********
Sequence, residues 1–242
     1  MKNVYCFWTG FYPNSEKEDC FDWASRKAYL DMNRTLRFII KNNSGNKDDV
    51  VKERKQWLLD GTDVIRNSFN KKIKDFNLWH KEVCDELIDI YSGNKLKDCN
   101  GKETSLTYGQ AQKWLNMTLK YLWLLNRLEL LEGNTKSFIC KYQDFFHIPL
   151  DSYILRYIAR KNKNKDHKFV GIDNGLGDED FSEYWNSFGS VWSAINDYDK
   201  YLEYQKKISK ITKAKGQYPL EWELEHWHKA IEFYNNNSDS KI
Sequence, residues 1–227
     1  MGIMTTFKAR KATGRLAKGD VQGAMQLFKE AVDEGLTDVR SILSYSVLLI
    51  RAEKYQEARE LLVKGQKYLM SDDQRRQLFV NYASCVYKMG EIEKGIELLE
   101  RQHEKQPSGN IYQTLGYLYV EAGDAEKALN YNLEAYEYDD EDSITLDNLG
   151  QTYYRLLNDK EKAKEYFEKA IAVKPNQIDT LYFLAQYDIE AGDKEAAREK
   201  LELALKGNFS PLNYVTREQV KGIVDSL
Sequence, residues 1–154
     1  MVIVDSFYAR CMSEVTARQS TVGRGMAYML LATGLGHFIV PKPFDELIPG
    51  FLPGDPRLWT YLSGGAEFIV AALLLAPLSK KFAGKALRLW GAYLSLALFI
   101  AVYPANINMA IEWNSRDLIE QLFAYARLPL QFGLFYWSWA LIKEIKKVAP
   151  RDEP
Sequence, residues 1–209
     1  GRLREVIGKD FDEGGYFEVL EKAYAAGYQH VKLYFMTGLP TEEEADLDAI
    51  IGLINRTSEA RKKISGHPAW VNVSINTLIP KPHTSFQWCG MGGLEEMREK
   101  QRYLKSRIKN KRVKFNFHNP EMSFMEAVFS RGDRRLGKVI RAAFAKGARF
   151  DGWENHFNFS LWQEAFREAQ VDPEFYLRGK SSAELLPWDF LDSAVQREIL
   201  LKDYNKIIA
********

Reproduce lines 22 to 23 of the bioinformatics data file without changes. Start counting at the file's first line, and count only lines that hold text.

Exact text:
   151  DGWENHFNFS LWQEAFREAQ VDPEFYLRGK SSAELLPWDF LDSAVQREIL
   201  LKDYNKIIA